MODE OF ADMINSTRATION: Roots boiled along with rhizomes of Mutha (Cyperus rotundus L.) and Fennel (Foeniculum vulgare Gaertn.). The decoction resulted is taken 2-3 times a day to cure diarrhea in children.      

.

42. Oroxylum indicum (L.) Vent.

ORIYA NAME: Phanaphania

FAMILY: Bignoniaceae

MODE OF ADMINSTRATION: Powdered root bark of lotus is fermented in an air tight vessel for about one month, sieved, filtered and the liquid filtrate is taken orally along with sugar candy or honey thrice a day for 3 days in blood dysentery.

           

.43. Allium cepa L.

ORIYA NAME: Piaja

FAMILY: L..iliaceae.

MODE OF ADMINSTRATION: The bulb is cut vertically, and a little amount of lime (Calcium hydroxide) is inserted through the slit and allowed to remain for 10 minutes. Then it is directly chewed to check blood dysentery.

 

44. Basella rubra L.

ORIYA NAME: Poi

FAMILY: Basellaceae.

MODE OF ADMINSTRATION : Leaf juice along with juice from pomegranate seeds taken twice a day to cure diarrhea.

 

45. Manikara zapata (L.) Royen

ORIYA NAME: Sapata

FAMILY: Sapotaceae

MODE OF ADMINSTRATION: Unripe fruits to be grounded, paste taken orally thrice a day to check diarrhea.          

 

46. Asparagus racemosus Willd.

ORIYA NAME: Satamuli/Satabari

FAMILY: Liliaceae.

MODE OF ADMINSTRATION: Boiled milk extract of fresh roots (tubers) taken orally to cure blood dysentery.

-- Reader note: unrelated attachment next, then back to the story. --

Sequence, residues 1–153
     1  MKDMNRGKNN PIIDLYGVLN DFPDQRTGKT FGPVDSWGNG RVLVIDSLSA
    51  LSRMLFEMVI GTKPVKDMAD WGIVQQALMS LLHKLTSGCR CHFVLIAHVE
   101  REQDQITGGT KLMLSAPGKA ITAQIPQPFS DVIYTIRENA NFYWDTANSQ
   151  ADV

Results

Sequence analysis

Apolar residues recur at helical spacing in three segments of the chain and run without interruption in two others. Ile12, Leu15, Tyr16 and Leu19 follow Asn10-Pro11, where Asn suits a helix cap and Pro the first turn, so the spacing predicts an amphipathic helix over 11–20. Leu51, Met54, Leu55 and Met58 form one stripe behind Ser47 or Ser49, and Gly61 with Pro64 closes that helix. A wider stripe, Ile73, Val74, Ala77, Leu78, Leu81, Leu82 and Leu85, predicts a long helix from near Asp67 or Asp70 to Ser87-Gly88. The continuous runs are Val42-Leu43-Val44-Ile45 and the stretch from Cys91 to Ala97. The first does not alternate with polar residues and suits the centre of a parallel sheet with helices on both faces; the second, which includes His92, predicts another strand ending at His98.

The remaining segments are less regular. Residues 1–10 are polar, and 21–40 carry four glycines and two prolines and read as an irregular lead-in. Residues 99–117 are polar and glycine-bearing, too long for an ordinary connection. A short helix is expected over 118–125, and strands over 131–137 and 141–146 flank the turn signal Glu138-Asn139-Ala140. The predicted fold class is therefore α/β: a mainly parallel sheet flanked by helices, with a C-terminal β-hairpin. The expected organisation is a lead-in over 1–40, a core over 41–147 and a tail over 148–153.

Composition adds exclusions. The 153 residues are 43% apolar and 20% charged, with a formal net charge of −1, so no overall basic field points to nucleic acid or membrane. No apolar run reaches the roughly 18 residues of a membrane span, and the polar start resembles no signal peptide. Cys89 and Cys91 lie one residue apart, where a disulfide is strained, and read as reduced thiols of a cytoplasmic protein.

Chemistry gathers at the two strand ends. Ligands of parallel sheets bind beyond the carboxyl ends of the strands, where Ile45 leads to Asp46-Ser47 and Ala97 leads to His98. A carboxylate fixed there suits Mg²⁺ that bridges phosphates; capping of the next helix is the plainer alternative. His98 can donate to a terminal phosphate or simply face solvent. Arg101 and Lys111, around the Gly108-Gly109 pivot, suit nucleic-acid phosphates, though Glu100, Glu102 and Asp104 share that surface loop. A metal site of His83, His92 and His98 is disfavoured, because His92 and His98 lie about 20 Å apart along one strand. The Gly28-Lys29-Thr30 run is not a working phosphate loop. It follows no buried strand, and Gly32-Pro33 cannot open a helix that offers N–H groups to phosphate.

47. Hemidesmus indicus (L.) R. Sr

ORIYA NAME: Sugandhi

FAMILY: Asclepiadaceae

MODE OF ADMINSTRATION: Root tubers grounded with fennel and the paste taken with gur twice a day for three days to check diarrhea and dysentery.

           

48. Tamarindus indica L.

ORIYA NAME: Tentuli

FAMILY: Caesalpiniaceae.

MODE OF ADMINSTRATION: Tender leaves macerated to paste and taken directly to check dysentery. Also powder made from dried flowers taken orally with sugar in blood dysentery.

           

49. Tridax procumbens L.

ORIYA NAME: Vissalyakarani

FAMILY: Asteraceae

MODE OF ADMINSTRATION: Whole plant made in to paste and taken orally in diarrhea.

 

The investigations revealed the medicinal plants used in diarrohea consist of 49 species of 46 genera belonging to 30 families. Euphorbiaceae is the dominant family (4 spp.), followed by Moraceae (3) Rutaceae (3) Solanaceae(2) Fabaceae (2) Verbenaceae (2) Annacardiaceae(2) and others having one each. The use of plant resources as remedies is probably an ancient as man himself. The aforesaid uses are the ones practiced in day-to-day life of tribals living in deep forests. The use of the traditional medicine is widespread in this region with higher percentage of the population relying on it. This is because of lack of modern medical facilities available in this region and the expensive Medicare system which these tribal people are unable to afford.

 Conclusion: